It’s not so much that Gyanma wants to give heartbreakers a pass, but he’s down for injecting some nuance into the conversation around them. This, at least, is partly the main theme of his new EP Rompecorazones. “[The album] blurs the line between who’s the heartbreaker and who’s the one getting heartbroken, and how that whole situation lives in a gray area,” he tells Remezcla. “It starts off spiteful, but as you keep listening, you notice the tone changes as more is revealed.”
In fact, part of the fun of listening to Rompecorazones is following the way each song approaches the subject from different angles in both subtle and overt ways. Undoubtedly Gyanma’s most mature effort yet, he structures the album in a way not too dissimilar from the stages of grief, this time in the aftermath of a break-up.
The inextricable link between music and heartfelt emotion was at the forefront since he was introduced to the medium in the first place. “My dad was a merenguero in the ‘90s. He was a background singer for Olga Tañón, so on weekends he’d always bring home music and that bohemian energy with his friends, and being around that inspired me to take up songwriting.” Onward from that, he took up his first instrument, the violin—“Suzuki method, for the record.” And after getting into a prestigious high school via a music scholarship, he set his sights on a higher goal for his education. “From there, I just hustled so I could get into Berklee [College of Music], where I studied production, composition. It was a very open-ended area of concentration.”
That freedom to dabble ended up being fortuitous, evident in his extracurricular musical ventures between semesters. “As I’d travel back and forth between Boston and Puerto Rico, I’d start cover bands, doing different takes… mixing reggaetón and rock or neo-soul,” he says. Those inspired attempts to crossover genres presaged how Gyanma presents his music nowadays as a full-fledged solo act. “I can’t say my music fits under any specific genre, but if I had to choose, I’d say it’s very R&B-based but fused with the indie [rap] scene,” he says. “[My] voice is one that also fits in a rock song, or a pop song, or even a ballad because the lyrics have personality. They can be dirty like they can also be poetic, and all of that defines the sound.”
That poeticness comes through not just in the quality of the metric but also in the general gravitas with which Gyanma took on this project. “I wanted something with a bit more of a storyline. I like doing EPs, and so far all of them have had some kind of theme. But with this one, I was more dedicated to the coherence of it.”
The opening title track, “Rompecorazones,” firmly puts the onus of the relationship’s end on the partner’s shoulders, tagging them with the burden of being the initial heartbreaker and causing him pain. It’s followed by “Tóxico,” in which an aggrieved Gyanma lambasts his ex’s friends for dragging his good name through the mud. Clearly, we’re at the Anger stage of grief. “KSA” presents a man intent on moving on and seducing a new conquest, and the words are there, but not the conviction. He boasts he’s ready to spend big, be a stud, and get busy, but we don’t feel he believes it himself. The wounds are still too fresh. With the next track, “Me Dañé,” the cards are laid on the table. Bargaining and Depression come to a head as Gyanma acknowledges his own role in the split, accepting his transgressions while also arguing he “wasn’t always like this.” One begins to question who, in fact, is the titular heartbreaker. By the last song, “En La Lenta,” he might not have entirely achieved Acceptance, but there is a note of resignation in his words and voice.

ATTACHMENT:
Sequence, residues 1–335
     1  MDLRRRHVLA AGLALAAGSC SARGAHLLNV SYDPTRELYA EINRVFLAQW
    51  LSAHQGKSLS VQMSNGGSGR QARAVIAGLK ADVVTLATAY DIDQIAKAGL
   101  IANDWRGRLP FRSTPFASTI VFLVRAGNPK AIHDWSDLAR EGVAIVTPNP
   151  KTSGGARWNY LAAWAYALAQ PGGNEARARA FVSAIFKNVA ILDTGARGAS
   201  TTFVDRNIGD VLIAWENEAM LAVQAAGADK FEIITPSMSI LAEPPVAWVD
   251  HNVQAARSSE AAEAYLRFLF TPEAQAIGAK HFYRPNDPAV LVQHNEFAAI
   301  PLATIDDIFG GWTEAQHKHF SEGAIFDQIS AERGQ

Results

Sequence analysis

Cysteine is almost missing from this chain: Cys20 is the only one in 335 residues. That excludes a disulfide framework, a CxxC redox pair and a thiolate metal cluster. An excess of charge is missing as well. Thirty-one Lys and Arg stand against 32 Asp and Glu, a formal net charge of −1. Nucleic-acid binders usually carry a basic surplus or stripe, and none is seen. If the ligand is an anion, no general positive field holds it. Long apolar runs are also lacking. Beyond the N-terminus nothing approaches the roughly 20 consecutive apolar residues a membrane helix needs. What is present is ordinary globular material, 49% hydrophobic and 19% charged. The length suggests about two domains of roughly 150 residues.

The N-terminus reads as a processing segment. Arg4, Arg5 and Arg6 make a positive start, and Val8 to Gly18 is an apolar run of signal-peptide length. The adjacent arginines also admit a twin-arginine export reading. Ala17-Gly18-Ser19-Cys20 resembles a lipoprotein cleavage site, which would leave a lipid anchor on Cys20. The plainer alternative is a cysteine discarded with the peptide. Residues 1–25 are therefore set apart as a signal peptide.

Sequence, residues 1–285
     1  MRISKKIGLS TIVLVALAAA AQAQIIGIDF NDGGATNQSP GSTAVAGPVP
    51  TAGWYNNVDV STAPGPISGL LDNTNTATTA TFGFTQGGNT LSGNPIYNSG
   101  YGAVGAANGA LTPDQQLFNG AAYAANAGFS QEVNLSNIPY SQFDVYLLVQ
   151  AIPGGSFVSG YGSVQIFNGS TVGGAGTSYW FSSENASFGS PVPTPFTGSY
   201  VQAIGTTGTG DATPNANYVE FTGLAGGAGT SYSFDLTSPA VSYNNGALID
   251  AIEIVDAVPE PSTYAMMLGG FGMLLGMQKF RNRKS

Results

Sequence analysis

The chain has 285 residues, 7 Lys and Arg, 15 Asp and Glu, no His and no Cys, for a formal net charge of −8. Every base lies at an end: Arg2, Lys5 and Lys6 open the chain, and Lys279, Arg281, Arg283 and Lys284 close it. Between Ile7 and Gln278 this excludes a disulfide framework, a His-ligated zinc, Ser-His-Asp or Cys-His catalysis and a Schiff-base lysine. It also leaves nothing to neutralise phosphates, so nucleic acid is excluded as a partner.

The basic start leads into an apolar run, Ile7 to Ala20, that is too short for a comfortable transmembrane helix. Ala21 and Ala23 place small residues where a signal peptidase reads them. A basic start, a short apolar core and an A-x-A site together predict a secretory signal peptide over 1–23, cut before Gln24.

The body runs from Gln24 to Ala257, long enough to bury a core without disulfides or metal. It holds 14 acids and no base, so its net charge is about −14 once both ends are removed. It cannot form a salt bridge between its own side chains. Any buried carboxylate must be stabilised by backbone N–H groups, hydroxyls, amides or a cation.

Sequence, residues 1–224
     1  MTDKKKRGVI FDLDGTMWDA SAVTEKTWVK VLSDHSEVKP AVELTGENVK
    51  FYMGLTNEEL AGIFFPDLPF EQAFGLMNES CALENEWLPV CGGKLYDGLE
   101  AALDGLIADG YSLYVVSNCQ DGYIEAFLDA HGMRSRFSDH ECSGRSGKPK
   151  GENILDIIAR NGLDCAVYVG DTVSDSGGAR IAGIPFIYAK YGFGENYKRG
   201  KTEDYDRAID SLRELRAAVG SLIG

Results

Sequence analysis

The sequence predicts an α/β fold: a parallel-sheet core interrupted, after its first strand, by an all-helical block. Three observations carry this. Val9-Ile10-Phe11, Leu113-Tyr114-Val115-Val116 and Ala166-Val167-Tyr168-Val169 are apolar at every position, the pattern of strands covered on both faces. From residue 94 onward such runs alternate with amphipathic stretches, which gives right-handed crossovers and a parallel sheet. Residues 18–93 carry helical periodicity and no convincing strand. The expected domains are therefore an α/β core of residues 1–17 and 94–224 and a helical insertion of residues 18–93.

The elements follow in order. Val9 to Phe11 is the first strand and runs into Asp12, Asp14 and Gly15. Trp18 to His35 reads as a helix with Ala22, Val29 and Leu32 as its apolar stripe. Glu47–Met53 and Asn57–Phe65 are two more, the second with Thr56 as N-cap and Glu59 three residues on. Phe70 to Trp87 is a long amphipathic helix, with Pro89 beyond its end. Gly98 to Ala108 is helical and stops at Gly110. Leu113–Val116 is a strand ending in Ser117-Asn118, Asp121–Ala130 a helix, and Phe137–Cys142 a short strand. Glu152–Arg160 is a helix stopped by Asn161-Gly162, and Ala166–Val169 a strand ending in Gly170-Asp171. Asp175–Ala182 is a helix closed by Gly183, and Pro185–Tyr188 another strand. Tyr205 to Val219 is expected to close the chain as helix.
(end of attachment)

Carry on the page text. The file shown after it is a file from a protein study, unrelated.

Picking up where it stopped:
The sober subject matter doesn’t preclude Rompecorazones from being a repeat listen, either. That’s a testament to Gyanma’s fun wordplay and catchy production, all in a package that has been in the works for months. “It’s the first project under my ALAS label, and we wanted to release a full package with visuals, art, music video, and all of that,” he says.
“Opportunities lost, goals that seem out of reach, and of course hurricanes, earthquakes, pandemics—it’s a whole lot to go through while trying to make your music and dreams come true, especially when you’re not an artist with the backing of a big label that’s giving you an advance… It’s all part of doing it for the love of art.”
ALAS, or “Ante La Adversidad, Sigue” (Against Adversity, Keep Going) is not just a label but a private recording studio and performance space and the next step in his burgeoning career. Founded alongside longtime associate Raúl Santos, it represents a leap for artist independence in a brave new world that isn’t always (if ever) friendly to those who start from the bottom with big dreams. The name itself is a reference to that journey. “[It] comes from the past five years and all the hustle we’ve gone through and all the pitfalls. Opportunities lost, goals that seem out of reach, and of course hurricanes, earthquakes, pandemics—it’s a whole lot to go through while trying to make your music and dreams come true, especially when you’re not an artist with the backing of a big label that’s giving you an advance… It’s all part of doing it for the love of art,” he says.
With a project as assured and solid as Rompecorazones leading the way, Gyanma is right on track to make a name for himself and prove he should be in the conversation.
Liste to Rompecorazones below.